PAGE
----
What USB To Charge My Nintendo Switch?
When charging your Nintendo Switch, make sure you are using a good-quality charger and cable.
Nintendo does not recognize or endorse third-party devices or accessories as these may harm or ‘brick’ your switch. They recommend using the included cable or one that is a USB-C to USB-A cable with a 56k Ohm resistor. Make sure any USB-C cable is USB-IF certified.
What USB Does My Mac Have?
Apple Macs have Type-A or Type-C USB connections. Type USB-C ports are either the standard USB-C or Thunderbolt 3 that also support USB-C connections. Both of these look the same, and the connector plugs into the port in either orientation. Check your specs to see if your Mac supports just USB-C or both.
To view your specs: Choose Apple menu > About This Mac, click Support, then click Specifications.
Want to learn about the Thunderbolt 3 port? Read my article: Thunderbolt 3 Info Guide(Need To Know).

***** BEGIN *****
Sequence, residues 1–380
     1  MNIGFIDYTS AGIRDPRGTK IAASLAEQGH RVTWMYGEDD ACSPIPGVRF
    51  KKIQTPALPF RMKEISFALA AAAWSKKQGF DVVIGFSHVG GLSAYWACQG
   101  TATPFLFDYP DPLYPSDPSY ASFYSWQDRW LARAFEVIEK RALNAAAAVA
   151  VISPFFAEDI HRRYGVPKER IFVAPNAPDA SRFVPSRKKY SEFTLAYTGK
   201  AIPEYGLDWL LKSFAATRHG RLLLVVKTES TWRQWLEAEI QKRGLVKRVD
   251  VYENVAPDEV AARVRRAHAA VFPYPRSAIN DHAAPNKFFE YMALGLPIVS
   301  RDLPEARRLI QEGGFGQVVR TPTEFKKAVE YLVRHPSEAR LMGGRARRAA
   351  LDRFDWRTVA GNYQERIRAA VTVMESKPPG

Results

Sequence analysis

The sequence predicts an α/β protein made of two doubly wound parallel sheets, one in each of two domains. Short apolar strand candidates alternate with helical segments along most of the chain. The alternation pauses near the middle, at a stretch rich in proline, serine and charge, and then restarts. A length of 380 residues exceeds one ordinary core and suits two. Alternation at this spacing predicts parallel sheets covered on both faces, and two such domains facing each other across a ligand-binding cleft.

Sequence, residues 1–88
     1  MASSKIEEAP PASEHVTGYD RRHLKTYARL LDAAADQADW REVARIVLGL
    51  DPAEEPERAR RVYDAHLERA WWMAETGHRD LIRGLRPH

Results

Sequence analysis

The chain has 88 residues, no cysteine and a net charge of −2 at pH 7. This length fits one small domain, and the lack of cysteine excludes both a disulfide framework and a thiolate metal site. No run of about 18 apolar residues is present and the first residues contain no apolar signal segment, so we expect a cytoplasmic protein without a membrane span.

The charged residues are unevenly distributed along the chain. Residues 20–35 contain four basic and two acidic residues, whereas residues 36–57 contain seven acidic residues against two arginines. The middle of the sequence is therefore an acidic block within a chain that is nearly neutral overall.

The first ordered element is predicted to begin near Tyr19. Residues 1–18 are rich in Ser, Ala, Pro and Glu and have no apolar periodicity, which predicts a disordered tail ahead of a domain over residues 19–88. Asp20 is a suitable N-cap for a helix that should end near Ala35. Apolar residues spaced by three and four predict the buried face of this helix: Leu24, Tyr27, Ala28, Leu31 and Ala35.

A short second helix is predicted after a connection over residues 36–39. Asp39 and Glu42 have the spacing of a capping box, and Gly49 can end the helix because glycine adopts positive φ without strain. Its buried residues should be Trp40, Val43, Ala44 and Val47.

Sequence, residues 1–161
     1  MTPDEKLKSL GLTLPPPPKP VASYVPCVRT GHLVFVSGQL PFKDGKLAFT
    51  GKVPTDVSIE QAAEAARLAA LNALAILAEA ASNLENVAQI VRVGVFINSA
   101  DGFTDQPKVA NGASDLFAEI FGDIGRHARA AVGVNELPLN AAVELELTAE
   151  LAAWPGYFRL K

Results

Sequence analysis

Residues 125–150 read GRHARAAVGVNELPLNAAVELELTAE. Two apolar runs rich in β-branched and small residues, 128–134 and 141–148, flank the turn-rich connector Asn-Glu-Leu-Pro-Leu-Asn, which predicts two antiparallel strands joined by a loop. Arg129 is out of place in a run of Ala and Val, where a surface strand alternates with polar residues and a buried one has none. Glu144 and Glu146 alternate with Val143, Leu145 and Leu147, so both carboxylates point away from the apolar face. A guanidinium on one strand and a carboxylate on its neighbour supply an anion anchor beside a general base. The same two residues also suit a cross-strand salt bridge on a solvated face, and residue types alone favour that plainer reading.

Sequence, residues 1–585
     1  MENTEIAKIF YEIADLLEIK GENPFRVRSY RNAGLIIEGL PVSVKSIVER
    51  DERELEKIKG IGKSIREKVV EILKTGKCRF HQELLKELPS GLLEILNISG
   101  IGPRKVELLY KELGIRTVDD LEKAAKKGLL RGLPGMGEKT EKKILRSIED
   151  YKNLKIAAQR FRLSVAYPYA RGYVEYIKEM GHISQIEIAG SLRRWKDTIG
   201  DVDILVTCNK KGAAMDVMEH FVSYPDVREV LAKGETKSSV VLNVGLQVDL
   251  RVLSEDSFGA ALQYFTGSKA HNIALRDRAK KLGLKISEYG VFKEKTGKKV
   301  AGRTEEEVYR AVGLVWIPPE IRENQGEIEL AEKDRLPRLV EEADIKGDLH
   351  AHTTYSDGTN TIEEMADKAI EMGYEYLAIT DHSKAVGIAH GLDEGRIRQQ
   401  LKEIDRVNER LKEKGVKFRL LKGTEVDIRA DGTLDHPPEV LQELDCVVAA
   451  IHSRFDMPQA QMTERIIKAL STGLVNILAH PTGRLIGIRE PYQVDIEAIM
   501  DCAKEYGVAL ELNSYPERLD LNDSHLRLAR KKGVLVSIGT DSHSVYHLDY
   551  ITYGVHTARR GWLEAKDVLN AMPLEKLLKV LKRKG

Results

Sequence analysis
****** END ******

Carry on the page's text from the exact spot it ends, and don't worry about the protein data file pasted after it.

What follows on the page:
What USB For External Hard Drives?
To connect an external hard drive to your computer, you’ll want the fastest speeds available. First, find out what USB ports your computer has.
Newer computers are at least USB 3.x capable and some may have the USB-C port. Buy the fastest external drive that is compatible with your fastest port. Reference the USB version chart above to learn about the various speeds.
The different versions of USB have changed over the years for the casual user. These revisions though have been designed to achieve a more unified and easier industry standard. The USB world has expanded to allow the ports and connectors to replace other types of connections so device manufacturers can design and build around a common connection.
J.S. is the owner, content creator, and editor at Upgrades-and-Options.com. I’ve worked in the IT and Computer Support field for over 20 years. The server hardware in my computer labs has mostly been IBM, but I’ve supported Dell, HP, and various other hardware. In addition, as part of my lab administrator responsibilities, I’ve learned, supported, and repaired/upgraded network hardware such as Cisco routers and switches. READ FULL BIO >>